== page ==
"President Musharraf's crackdown on militant groups supporting the insurgency in Kashmir, however imperfect, is seen among Pakistan's governing class as unprecedented..."
India and Pakistan: The Dispute Burns On as Armies Withdraw
By AMY WALDMAN with DAVID ROHDE
New York Times, NEW DELHI, Oct. 22 — In an undertaking almost as mammoth as preparing for war, India and Pakistan are getting ready to pull hundreds of thousands of troops back from their border after the largest and longest peacetime standoff in their history.
Seeing the possibility of a new beginning in the stalemate's end, American officials have begun talking hopefully of renewed dialogue between the nuclear-armed rivals. But officials and others on both sides of the border, called the Line of Control, say the core dispute between India and Pakistan is no closer to resolution.
Both countries still claim the Himalayan state of Kashmir, which is divided between them. More immediately, India believes that Pakistan is still aiding militants in the Indian-governed part of Kashmir, where insurgents have waged a 13-year secession struggle.
Still, the pullback closes a fraught chapter in the relationship between the two countries, one majority Hindu, the other Muslim, which were cleaved from one another in the partition of 1947. Last December, India blamed Pakistan-backed militants for an attack on its Parliament, and promptly mobilized for war. As their armies faced off, the world shuddered.
American officials stepped in to help defuse the standoff and apply pressure to Pakistan, whose leader, Gen. Pervez Musharraf, pledged to crack down on terrorism emanating from its soil.
That promise appears to have been only partly fulfilled. Indian officials say infiltration from Pakistan into the Indian state of Jammu and Kashmir by Islamic militants has surged and lagged since May, when President Musharraf promised a permanent end to cross-border terrorism, but it has never stopped.
In Pakistan, small amounts of infiltration are believed to continue, although not with active state sponsorship.
India decided to de-escalate anyway, calculating that the costs of coercive diplomacy, primarily the toll on its military, had come to outweigh the benefits. Privately, officials also concede that one of the diplomatic goals of the buildup — increased international pressure on Pakistan — had been achieved.
Indian officials say Pakistan has been forced to admit that it can control Islamic militants, even if it has not fully exercised that control.
So India is turning to other forms of leverage for now, withholding the dialogue that it believes President Musharraf badly wants.
Since announcing the pullback on Wednesday, Indian officials have said there will be no further normalization of relations, and certainly no dialogue, until Pakistan does more to control militants based within its borders.
Pakistan, in contrast, has indicated that it is open, even eager, for dialogue.
"We hope as the troops withdraw, tension would subside," Aziz Ahmed Khan, Pakistan's Foreign Ministry spokesman, said today. "But the real measure of tension subsiding would be to sit across the negotiating table and start talking to each other."
The bridge between those two poles may be the high level of American diplomatic involvement in the region, which appears to be a lasting legacy of the standoff. American officials have been pushing for what has been called, in inelegant diplomatic jargon, "simultaneity" — the notion that India should begin talking to Pakistan even as America and other interested countries continue pressing Pakistan to plug the wellspring of terrorism.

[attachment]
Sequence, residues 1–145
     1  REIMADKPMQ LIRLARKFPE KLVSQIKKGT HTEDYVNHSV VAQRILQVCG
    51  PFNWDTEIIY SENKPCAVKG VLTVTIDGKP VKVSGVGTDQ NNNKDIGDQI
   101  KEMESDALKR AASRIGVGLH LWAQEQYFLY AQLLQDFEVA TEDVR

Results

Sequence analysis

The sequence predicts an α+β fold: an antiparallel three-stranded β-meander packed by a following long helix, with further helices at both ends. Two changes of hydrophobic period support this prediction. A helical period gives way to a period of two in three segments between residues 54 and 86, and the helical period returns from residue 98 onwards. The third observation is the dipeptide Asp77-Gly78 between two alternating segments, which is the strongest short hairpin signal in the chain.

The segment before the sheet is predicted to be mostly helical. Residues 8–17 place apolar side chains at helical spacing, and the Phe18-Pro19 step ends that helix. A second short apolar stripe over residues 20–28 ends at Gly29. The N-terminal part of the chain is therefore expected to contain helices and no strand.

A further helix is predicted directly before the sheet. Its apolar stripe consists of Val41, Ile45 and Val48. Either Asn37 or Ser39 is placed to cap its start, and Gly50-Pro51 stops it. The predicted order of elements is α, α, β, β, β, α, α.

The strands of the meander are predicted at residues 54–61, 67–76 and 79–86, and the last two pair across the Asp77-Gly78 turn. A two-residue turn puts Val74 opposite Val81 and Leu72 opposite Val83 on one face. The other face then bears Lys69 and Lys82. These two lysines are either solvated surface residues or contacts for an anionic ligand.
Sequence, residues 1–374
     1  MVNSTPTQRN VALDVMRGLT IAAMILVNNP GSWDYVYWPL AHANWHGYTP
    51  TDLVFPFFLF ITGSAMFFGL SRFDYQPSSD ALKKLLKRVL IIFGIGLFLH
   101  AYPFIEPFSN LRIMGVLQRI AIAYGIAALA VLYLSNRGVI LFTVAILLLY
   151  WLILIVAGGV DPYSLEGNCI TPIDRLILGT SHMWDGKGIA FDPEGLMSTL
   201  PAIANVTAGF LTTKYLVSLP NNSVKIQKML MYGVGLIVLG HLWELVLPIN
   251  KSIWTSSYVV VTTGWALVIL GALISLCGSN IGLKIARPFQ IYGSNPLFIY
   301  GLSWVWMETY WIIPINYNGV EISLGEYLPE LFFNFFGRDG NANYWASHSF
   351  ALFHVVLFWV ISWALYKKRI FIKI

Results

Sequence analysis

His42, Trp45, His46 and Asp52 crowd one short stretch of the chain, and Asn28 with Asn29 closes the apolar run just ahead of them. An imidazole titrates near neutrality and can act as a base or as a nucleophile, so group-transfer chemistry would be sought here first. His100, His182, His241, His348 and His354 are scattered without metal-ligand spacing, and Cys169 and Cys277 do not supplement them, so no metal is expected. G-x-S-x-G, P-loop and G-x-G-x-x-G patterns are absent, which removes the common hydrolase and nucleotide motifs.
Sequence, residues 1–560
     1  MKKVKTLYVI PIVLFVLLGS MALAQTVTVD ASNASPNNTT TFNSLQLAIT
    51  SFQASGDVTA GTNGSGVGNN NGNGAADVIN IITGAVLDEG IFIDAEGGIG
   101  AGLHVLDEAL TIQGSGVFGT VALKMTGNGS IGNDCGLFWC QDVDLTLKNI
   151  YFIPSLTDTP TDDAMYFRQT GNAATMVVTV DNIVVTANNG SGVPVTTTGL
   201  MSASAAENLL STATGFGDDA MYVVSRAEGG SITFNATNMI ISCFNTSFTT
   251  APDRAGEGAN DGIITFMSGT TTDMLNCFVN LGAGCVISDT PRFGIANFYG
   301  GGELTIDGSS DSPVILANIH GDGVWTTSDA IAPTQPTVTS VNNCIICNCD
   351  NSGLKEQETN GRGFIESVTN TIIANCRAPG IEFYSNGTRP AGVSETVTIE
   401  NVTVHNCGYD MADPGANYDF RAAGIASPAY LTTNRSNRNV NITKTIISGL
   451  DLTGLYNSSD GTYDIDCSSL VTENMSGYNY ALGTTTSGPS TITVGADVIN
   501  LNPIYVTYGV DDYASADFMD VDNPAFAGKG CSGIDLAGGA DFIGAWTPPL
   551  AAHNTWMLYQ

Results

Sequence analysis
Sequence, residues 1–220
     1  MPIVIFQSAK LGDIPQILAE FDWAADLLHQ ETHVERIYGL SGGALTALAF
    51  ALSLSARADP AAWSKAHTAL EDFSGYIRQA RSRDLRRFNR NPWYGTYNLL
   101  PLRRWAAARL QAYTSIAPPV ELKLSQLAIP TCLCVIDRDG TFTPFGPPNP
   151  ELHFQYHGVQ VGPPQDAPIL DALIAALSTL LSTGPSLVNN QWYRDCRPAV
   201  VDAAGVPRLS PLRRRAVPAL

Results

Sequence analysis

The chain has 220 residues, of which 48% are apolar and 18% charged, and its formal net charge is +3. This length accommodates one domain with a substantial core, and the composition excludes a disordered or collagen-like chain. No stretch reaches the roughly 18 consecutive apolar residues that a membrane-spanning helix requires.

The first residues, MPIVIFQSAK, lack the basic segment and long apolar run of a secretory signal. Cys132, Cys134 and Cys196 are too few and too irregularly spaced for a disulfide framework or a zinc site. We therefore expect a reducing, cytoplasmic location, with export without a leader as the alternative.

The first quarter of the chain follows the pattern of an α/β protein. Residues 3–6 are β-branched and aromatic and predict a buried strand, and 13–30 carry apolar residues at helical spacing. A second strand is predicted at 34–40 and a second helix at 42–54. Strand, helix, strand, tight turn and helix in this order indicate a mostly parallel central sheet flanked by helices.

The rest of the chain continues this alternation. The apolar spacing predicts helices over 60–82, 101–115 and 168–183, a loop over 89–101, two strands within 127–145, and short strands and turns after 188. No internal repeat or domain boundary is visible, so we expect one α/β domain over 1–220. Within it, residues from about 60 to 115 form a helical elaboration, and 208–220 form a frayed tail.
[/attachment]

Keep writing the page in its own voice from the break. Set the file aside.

"Our view is that these things should go in parallel," the United States ambassador to India, Robert Blackwill, said in an interview with the newspaper The Indian Express published on Saturday. "We and others will continue to work very hard in Islamabad to try to promote the objective of no more terrorism emanating from Pakistan and Pakistan-controlled territory. But at the same time, India and Pakistan should resume a serious discussion about their differences."
The Indian government has so far not cottoned to that idea. Naresh Chandra, a former Indian ambassador to the United States, said, "The government needs an excuse" to start talking again, largely to give it political cover domestically. "Some new situation has to emerge," Mr. Chandra said.
On the Pakistani side, no overt concession is likely to be immediately forthcoming. President Musharraf's crackdown on militant groups supporting the insurgency in Kashmir, however imperfect, is seen among Pakistan's governing class as unprecedented and India's demand for more as unrealistic.
Talat Masood, a retired Pakistani general and analyst, said that Pakistan was genuinely interested in a diplomatic resolution, but that India was giving it no political cover for a major policy reversal. "They have been following a certain policy for 55 years," he said of Pakistani leaders, "and now India and the U.S. say you give no support for the Kashmiris — full stop."
If a dialogue were to begin, it is unclear where it would lead. Kamal Matinuddin, a retired Pakistani general and diplomat, said Pakistani officials continued to see the insurgency in Kashmir as an indigenous and legitimate "freedom struggle," while Indian officials continue to dismiss it as Pakistani-manufactured "terrorism."
"One man's hero is another man's terrorist," he said. "That will not change."
Indeed, it may be particularly resistant to change now, with religious parties who see the struggle for Kashmir as an article of faith winning record popular support in recent elections in Pakistan.
But the American perspective is that, for now, talking is everything. "If India and Pakistan do not discuss their differences seriously and in a prolonged way," Ambassador Blackwill said in the Indian Express interview, "why is this crisis ever going to go away?"